It’s all about the point of view.
In the age of the internet instant famous people, it feels like you are always behind a new trend. The 30 something age group feels lost and creates animosity against the younger kids, who grew up with a phone in their hands and had plenty of time to learn how to use it. We, the folks that had to work for something, can’t keep up. That makes us feel like we are never doing enough to get the success we are aiming for.
Last year, I stop looking for jobs at LinkedIn. The pressure to succeed is enormous and in that platform, we get one kind of people: The coaches that shove in your face that if you didn’t get what you want, you didn’t work hard enough, woke up early enough, didn’t invest the coffee money. Sometimes you did, and most of still do. Some of us work super hard, but sometimes, we have to do it all alone and it takes longer than someone who had investors. Some of us slept more because we were tired from the day before. Some of us wanted that coffee to have some peace of mind before the day starts.
We are overwhelmed.
Raise your hand if everything was great for you during the pandemic, if you didn’t freak out about having your plans canceled, scared of losing your job, of loved ones getting sick and dying, of never being able to see your friends in person.
My mental health went down the drain and I’m still working to gather all the information we’ve been receiving, with all that happened last year, like a hurricane, spinning the house around and landing on the witch. The witch in this case was the plan I had to keep moving on.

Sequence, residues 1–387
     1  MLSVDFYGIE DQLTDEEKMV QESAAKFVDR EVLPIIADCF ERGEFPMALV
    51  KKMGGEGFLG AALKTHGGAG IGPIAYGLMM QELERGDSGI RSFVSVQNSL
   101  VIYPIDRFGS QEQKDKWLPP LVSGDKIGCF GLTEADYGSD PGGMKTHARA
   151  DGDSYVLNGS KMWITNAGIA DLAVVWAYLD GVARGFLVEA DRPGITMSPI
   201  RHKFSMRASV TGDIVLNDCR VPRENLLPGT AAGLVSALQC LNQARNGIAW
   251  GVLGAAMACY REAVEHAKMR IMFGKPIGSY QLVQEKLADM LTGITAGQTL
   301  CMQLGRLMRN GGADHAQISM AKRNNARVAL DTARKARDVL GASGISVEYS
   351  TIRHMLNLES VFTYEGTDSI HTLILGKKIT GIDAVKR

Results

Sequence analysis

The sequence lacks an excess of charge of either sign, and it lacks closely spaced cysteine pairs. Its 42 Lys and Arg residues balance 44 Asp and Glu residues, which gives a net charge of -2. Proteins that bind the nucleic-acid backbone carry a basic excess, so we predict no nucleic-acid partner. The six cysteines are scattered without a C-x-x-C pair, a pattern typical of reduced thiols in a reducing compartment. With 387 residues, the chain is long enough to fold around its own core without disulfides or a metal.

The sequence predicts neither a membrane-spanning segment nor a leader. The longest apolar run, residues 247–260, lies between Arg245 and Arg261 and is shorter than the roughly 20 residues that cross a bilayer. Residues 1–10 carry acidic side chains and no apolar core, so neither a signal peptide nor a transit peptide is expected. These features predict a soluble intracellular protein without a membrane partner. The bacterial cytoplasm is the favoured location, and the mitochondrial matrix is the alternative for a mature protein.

You are not a failure and you are enough. You are doing enough. Don’t let anyone tell you you are not. Get suspicious when you see too much happiness on IG, a nice house and a great job are not always a sign of happiness. Most of the Americans I know are always after assets. These people work their entire life, endless hours, to get a better tv, a better house, a better car, a better education, and so on. The American dream convinces you to work hard to have the best of the best, without measuring the consequences of all this, like the levels of stress and the unhappiness all this pressure can bring. Society makes you feel like you are never doing enough
More! More! Always More.
Work more and show your boss your absolute devotion to a company that is not even his. Make other people feel bad to not work as hard as you. Make them feel behind in life, because your work your butt off, and they didn’t. Life is not always easy, but what everyone forgot is that it might not be easier, because of how you feel about others people’s attitude towards you.
In my culture, we work hard for everything we have, but we also know how to enjoy life the way Americans can’t. We barbecue, we dance, we gather friends and family every time is possible and instead of working hard for stuff, we put it on the credit card and make debt. Just like Americans, but lighter. Josh loves going to Brazil and eat good food and have fun.
We are enough.
You are enough.
Stop for a few minutes and be thankful for just being alive. Make time to appreciate your surrounding.
Thank you for reading it.
I see you around on my social media, while I post pictures of my coffee cup and pie.